Meningitis is an infection that causes inflammation of the membranes (meninges) that protect the brain and spinal cord. Depending on the type of infection, meningitis could go away without treatment in a matter of weeks, or become dangerous and even life-threatening.
Several bacteria can cause meningitis:
- Pneumococcus disease results from the bacteria Streptococcus pneumoniae. It causes pneumonia, ear, and sinus infections. It’s the most common culprit in bacterial meningitis.
- Neisseria meningitidis and less often Staphylococcus aureus can also cause meningitis.
- Haemophilus influenzae type b (Hib) was once the most common cause of bacterial meningitis, until the Hib vaccine became standard in children.
- Meningococcus refers to infections caused by N. meningitidis. It’s the most contagious bacteria behind meningitis, and is known for causing outbreaks in college dorms.
- Listeria is found in some meats and cheeses, and can be dangerous to pregnant women and the elderly.
There are three main types of meningitis, which are based on the type of infection:
- viral meningitis
- fungal meningitis
- bacterial meningitis
Initial symptoms are the same in all types, and generally consist of:
- sudden high fever
- stiff neck
A viral infection is the most common cause of meningitis in the United States. Several viruses can lead to meningitis. Most of these causal viruses are in the enterovirus family.
Less commonly, other viruses like HIV, herpes simplex, and the West Nile virus can lead to meningitis. Most often, when a virus is to blame, the infection is usually fairly mild, and may even go away without treatment.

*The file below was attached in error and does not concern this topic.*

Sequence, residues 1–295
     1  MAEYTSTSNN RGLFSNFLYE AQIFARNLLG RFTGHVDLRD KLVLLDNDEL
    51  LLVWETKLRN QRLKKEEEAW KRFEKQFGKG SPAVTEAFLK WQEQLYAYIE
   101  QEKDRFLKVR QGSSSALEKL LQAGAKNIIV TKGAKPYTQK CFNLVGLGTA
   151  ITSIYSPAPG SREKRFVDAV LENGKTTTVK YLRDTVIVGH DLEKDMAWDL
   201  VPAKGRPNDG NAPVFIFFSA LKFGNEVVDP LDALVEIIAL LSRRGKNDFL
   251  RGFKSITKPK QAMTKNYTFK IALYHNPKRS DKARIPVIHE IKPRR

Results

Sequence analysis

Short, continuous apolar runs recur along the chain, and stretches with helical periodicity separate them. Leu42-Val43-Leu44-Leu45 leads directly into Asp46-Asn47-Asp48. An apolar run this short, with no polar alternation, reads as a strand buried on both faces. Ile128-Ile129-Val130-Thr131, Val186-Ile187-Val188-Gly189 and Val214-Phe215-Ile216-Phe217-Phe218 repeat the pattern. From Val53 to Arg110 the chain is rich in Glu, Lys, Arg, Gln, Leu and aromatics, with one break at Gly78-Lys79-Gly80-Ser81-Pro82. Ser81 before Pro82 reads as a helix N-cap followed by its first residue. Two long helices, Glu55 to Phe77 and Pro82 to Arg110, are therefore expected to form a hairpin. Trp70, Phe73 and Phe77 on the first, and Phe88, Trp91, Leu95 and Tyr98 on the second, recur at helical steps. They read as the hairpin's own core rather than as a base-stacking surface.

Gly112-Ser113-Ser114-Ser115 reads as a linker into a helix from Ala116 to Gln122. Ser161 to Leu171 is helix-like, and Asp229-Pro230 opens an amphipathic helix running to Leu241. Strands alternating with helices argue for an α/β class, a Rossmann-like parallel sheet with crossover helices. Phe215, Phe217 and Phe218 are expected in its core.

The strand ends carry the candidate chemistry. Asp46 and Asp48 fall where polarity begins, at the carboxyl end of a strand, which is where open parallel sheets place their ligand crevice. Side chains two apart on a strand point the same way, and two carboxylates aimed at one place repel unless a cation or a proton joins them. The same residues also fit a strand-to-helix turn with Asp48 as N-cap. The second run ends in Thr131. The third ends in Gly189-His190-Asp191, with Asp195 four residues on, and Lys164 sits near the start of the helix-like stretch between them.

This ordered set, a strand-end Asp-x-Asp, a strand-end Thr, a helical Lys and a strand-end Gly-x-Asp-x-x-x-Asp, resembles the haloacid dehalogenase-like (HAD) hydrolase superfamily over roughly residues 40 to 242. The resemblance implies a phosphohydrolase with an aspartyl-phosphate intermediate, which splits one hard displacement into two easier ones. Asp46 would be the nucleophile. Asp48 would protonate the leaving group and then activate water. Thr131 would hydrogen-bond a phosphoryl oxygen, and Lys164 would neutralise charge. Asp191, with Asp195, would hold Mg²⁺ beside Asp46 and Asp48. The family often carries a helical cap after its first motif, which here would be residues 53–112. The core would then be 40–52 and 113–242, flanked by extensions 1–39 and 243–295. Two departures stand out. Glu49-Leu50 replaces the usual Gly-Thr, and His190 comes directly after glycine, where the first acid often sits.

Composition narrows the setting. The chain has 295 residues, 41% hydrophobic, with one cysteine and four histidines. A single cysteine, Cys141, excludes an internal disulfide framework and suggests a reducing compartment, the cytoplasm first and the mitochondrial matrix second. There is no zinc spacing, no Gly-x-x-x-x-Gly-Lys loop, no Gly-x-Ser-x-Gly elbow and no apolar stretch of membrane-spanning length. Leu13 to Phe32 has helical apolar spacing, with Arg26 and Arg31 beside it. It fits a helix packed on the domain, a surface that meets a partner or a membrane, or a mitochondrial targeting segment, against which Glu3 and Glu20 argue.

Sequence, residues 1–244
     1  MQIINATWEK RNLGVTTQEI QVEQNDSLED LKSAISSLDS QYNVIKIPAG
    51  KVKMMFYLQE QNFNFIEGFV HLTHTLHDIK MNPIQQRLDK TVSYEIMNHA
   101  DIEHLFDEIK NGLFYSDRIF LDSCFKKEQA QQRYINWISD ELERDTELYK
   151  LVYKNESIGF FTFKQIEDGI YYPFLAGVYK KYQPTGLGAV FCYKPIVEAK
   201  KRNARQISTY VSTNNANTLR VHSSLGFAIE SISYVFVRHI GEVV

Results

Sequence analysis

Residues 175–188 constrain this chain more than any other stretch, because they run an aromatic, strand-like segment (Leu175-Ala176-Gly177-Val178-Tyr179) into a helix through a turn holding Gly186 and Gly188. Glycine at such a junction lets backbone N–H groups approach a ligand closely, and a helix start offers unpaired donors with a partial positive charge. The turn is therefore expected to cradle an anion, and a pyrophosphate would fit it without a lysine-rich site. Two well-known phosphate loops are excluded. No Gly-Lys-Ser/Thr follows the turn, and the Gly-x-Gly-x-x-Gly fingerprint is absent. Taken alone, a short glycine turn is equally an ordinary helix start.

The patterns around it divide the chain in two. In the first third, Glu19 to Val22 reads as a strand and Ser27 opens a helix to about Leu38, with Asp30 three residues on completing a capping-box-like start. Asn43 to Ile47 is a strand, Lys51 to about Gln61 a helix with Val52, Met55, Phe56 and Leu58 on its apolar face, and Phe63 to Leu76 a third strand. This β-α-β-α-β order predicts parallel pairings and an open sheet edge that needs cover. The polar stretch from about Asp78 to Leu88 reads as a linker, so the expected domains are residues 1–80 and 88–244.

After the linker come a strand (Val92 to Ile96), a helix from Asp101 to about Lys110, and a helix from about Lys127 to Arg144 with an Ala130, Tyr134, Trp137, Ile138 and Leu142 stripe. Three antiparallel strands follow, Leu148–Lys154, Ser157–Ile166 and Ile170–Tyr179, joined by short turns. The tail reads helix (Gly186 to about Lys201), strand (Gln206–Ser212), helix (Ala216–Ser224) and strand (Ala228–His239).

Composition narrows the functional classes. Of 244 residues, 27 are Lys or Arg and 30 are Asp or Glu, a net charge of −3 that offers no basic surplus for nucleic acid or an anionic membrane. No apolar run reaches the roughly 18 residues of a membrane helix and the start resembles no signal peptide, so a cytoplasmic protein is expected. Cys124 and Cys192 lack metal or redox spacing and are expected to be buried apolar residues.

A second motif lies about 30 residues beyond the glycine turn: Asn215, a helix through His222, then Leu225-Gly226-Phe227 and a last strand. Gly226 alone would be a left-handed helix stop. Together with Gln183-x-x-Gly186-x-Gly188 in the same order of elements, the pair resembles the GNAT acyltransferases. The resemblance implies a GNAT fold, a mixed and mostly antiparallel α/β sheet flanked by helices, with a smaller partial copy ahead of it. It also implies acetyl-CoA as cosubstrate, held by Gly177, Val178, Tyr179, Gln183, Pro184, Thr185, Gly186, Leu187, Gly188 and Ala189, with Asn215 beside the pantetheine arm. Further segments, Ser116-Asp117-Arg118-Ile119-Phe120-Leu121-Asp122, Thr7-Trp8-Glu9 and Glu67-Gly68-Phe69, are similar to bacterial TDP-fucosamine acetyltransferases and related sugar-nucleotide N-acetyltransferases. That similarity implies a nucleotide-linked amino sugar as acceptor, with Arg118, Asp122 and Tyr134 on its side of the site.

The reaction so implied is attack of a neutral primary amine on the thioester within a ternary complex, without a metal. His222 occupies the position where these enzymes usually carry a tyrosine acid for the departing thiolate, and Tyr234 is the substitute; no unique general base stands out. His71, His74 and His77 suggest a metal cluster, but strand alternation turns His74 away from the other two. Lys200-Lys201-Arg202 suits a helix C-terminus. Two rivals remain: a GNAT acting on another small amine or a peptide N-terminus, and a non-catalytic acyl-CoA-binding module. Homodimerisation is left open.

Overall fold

In most cases, no treatment is necessary for viral meningitis. Certain treatments can be helpful, depending on the virus that caused the infection. Also, some people may require in-patient care if they fall into a higher-risk category. This includes:
- people with weakened immune systems
- older adults
- newborns and infants
A fungal infection is the least common cause of meningitis in most parts of the world. It’s not usually spread from an infected person to other people. Generally, it affects people with weakened immune systems.
People with HIV or cancer are at higher risk of fungal meningitis. The fungi usually responsible are Cryptococcus, which can be inhaled from bird droppings, and Histoplasma, found in bird or bat droppings.
Fungal meningitis is usually treated with antifungal medications. These medications are injected into a vein. If you have fungal meningitis, you can expect to enter the hospital for treatment. The length of your stay depends on the condition of your immune system. In some cases, you will need to continue maintenance treatment for a long period of time.
Bacterial meningitis is caused by bacteria. Usually, the bacteria enter the bloodstream and then travel to the meninges. It’s also possible to introduce bacteria directly in the meninges through sinus infections or ear infections.
Bacterial meningitis is a medical emergency and must be treated quickly. It can be life-threatening if it’s not treated rapidly.
You should be kept in the hospital while being treated with antibiotic medication. With prompt and proper antibiotic treatment, the risk of death as a result of meningitis isn’t likely.
If you have symptoms of meningitis, you should immediately call your doctor. They can run tests to see if you have the disease, and determine the type of infection you may have.
If you suspect you have been in contact with someone who has meningitis, it’s also important to let your doctor know. In cases of bacterial meningitis, prompt treatment is critical to avoid serious and life-threatening complications.